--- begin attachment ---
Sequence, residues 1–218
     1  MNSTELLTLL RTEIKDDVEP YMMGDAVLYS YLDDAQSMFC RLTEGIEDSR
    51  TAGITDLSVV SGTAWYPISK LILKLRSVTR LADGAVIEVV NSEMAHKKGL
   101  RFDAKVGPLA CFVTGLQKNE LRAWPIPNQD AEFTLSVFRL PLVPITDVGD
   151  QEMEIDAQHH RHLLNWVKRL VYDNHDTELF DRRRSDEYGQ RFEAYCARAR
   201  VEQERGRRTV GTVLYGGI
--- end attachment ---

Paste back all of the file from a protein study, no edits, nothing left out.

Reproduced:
Sequence, residues 1–218
     1  MNSTELLTLL RTEIKDDVEP YMMGDAVLYS YLDDAQSMFC RLTEGIEDSR
    51  TAGITDLSVV SGTAWYPISK LILKLRSVTR LADGAVIEVV NSEMAHKKGL
   101  RFDAKVGPLA CFVTGLQKNE LRAWPIPNQD AEFTLSVFRL PLVPITDVGD
   151  QEMEIDAQHH RHLLNWVKRL VYDNHDTELF DRRRSDEYGQ RFEAYCARAR
   201  VEQERGRRTV GTVLYGGI